Second Reading – Energy Legislation Amendment (licence conditions) bill 2020

I rise to speak on the Energy Legislation Amendment (Licence Conditions) Bill 2020. I follow on from our lead speaker, who has given us a lot of detail and understanding of what this bill actually does. Overarchingly we are opposing the bill and overarchingly the reason we are doing that is that this bill is actually another example of how the government is taking away powers from agencies and putting too much power sometimes—and in this case that is certainly the situation—in the minister’s hands when it is completely unnecessary given the fact that the Essential Services Commission, from whom the powers are being taken by the minister, have put forward a recommendation to address the issues that were of concern to customers.

We have seen this before with this minister where she has taken powers away from AEMO, the Australian Energy Market Operator, and the Australian Energy Regulator, so here we go again with the Essential Services Commission.

The reason it is so concerning is that the Essential Services Commission was set up to protect and assist the customer, with that in mind. The commission’s primary objective was to protect the long-term interests of the Victorian consumer with regard to price, quality and reliability of essential services. It is on that note that I would like to discuss my disappointment at receiving a letter recently which said that a project in my electorate, the Tyrendarra three-phase power upgrade, would not go ahead.

The rationale given was that it was not valid to treat gross regional output as an economic benefit. This is really disappointing, but it does provide an opportunity, as it says in the letter rejecting the project, for the community members there to seek other avenues such as through the Victorian government to progress these upgrades.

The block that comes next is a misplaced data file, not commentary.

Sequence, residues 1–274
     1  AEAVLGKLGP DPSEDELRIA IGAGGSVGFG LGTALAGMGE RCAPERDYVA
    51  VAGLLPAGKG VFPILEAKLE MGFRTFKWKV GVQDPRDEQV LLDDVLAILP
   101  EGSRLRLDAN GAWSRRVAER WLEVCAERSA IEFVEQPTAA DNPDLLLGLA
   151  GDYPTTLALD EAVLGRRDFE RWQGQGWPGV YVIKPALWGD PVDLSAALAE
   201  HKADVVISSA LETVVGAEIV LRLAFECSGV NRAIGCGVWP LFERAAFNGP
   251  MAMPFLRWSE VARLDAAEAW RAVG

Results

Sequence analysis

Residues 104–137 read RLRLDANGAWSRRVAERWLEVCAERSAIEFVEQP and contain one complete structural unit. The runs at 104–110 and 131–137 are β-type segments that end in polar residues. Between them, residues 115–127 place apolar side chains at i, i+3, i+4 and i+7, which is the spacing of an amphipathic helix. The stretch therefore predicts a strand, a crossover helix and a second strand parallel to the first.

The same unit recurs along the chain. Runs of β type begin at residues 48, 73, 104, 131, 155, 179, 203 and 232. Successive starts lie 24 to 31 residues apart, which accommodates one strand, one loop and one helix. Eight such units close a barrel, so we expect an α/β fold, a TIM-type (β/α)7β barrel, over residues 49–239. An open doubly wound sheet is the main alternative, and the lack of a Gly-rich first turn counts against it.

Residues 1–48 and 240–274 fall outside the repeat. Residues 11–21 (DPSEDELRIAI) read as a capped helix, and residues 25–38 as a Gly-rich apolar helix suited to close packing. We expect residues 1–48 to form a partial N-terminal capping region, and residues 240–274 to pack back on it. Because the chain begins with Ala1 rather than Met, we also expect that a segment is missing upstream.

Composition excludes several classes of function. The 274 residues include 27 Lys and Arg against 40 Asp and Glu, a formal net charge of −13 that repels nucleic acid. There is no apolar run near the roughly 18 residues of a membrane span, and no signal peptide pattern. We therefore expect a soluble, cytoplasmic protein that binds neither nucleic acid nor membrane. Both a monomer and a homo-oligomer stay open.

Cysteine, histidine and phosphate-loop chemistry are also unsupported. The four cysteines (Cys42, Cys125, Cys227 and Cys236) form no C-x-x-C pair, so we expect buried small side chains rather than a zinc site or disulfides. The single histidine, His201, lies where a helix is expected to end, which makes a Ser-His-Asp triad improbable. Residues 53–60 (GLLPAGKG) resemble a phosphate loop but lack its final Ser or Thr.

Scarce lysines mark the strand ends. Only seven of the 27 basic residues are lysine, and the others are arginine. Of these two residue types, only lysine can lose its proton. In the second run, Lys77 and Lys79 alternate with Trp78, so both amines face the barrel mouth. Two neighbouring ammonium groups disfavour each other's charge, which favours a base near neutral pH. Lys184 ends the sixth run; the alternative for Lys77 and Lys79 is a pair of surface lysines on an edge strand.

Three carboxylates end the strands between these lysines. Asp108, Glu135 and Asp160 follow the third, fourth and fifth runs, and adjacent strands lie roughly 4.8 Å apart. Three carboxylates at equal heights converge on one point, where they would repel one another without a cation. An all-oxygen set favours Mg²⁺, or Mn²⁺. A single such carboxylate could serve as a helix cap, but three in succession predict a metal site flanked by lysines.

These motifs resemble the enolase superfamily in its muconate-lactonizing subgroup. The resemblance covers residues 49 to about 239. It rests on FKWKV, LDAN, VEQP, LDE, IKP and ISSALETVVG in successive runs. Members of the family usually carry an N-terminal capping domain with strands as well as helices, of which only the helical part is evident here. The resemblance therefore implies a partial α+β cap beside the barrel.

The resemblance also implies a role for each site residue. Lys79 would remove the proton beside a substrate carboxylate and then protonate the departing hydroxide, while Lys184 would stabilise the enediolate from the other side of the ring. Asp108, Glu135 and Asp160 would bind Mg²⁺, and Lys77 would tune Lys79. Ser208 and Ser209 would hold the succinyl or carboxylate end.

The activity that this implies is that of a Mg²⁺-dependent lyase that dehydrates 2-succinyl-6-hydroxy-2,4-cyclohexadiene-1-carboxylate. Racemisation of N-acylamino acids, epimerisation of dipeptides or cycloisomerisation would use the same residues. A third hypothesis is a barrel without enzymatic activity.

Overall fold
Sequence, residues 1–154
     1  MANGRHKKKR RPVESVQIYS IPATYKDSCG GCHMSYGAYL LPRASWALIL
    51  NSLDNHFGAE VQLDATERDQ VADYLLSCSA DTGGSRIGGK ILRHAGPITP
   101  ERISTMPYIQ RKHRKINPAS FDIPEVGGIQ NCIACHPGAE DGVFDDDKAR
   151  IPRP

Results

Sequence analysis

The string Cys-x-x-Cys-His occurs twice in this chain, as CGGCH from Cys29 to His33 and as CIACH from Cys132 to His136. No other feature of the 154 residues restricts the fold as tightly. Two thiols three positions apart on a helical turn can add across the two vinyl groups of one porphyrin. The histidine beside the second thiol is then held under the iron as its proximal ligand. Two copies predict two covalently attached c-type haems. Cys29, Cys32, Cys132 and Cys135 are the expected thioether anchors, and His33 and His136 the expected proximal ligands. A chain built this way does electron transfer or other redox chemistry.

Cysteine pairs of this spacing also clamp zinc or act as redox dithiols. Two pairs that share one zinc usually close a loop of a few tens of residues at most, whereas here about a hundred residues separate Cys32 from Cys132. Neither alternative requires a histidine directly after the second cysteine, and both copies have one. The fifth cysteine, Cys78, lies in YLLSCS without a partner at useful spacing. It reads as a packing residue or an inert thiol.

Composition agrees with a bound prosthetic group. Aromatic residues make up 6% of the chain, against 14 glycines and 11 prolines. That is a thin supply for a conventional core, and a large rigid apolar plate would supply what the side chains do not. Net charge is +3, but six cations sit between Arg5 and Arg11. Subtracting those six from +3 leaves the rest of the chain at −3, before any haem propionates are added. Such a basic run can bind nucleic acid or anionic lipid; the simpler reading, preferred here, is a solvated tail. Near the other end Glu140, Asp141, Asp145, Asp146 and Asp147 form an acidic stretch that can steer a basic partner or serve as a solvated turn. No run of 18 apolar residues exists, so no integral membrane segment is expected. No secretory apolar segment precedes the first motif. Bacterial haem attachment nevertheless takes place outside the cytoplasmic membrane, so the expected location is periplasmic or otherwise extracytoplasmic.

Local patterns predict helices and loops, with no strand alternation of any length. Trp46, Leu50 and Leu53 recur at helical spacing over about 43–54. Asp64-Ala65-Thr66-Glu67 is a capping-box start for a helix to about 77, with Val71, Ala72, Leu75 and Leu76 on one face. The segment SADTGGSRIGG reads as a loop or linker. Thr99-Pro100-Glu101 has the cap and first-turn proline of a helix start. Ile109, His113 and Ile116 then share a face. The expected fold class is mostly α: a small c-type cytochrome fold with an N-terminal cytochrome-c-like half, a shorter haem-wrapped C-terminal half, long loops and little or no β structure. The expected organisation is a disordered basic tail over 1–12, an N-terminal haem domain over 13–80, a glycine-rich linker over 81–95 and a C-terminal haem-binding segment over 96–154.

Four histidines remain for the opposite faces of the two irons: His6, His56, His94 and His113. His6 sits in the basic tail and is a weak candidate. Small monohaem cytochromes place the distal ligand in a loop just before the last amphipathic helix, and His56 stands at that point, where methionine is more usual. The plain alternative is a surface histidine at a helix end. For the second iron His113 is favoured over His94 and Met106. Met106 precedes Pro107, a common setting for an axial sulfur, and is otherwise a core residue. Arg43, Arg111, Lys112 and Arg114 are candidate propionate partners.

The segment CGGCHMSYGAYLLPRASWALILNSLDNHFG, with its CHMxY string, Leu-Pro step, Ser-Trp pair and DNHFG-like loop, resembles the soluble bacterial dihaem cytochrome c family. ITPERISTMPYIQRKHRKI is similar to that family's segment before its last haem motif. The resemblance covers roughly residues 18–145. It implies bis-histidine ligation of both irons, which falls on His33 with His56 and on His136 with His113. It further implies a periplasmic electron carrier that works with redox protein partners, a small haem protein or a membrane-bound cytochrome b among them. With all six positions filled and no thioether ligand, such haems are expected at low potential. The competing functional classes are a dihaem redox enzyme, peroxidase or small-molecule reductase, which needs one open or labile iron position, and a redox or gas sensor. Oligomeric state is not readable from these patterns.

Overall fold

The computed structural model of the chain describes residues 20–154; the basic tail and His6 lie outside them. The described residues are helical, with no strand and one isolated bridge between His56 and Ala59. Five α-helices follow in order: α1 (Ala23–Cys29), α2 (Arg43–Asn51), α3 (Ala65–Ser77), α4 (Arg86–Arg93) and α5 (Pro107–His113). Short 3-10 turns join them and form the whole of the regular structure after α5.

When we see that the rationale for not going ahead with that project is not understanding the importance of gross regional output, I find that that is a really disappointing statement. I know that Bruce Knowles from Tyrendarra, the community there and the United Dairyfarmers of Victoria who are pushing for this project have all been putting forward the potential for growth in the agricultural community, particularly dairy.

Right now in COVID, when we have got the need for projects in the regions particularly to increase the opportunities for jobs, we need projects like this one, that will provide reliable access to three-phase power which is needed for industry, particularly the dairy industry.

We have got opportunities for food production in Victoria as the demand for food continues to grow around the world. It has not gone away. It is a real shame for the community following all that work led by Bruce Knowles and the United Dairyfarmers of Victoria and the team out in western Victoria who represent them locally and who pushed that project.

The bill itself though is really about governance, and it is about the fact that the minister is removing the oversight that these agencies provide. And when we see this government, this is not the first time we see it in all sorts of examples.